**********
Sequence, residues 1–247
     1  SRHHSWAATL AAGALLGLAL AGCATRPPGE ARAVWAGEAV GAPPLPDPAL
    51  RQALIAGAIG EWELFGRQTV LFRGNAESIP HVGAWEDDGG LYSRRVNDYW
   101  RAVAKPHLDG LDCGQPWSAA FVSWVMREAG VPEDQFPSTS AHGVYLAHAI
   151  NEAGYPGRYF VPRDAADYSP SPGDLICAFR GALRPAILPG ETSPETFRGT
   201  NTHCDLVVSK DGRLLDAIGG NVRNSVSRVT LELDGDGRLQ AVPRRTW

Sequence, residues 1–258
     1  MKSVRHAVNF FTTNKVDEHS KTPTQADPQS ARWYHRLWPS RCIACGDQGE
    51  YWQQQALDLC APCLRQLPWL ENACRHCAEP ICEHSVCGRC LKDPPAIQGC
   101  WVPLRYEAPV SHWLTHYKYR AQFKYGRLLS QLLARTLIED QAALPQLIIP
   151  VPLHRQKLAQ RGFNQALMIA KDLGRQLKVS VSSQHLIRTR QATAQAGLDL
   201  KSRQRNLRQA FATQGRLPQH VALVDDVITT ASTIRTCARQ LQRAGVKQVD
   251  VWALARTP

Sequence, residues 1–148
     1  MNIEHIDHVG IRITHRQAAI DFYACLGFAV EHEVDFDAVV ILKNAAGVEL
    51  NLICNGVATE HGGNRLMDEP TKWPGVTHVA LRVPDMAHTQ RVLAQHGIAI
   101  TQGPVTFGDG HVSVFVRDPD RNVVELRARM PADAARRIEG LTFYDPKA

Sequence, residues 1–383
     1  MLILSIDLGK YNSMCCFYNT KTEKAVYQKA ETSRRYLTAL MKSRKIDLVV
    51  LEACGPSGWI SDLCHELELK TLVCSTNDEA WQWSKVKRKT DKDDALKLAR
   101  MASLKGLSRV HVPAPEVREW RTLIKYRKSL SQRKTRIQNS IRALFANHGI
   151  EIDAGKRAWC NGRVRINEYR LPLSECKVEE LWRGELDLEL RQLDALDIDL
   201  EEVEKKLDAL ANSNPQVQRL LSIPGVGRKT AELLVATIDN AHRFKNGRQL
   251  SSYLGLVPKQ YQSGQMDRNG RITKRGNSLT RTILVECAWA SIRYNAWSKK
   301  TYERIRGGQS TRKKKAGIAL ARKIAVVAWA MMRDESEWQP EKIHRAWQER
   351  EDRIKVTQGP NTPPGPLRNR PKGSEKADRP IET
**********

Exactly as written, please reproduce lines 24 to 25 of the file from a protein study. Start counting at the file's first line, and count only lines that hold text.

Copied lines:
   251  SSYLGLVPKQ YQSGQMDRNG RITKRGNSLT RTILVECAWA SIRYNAWSKK
   301  TYERIRGGQS TRKKKAGIAL ARKIAVVAWA MMRDESEWQP EKIHRAWQER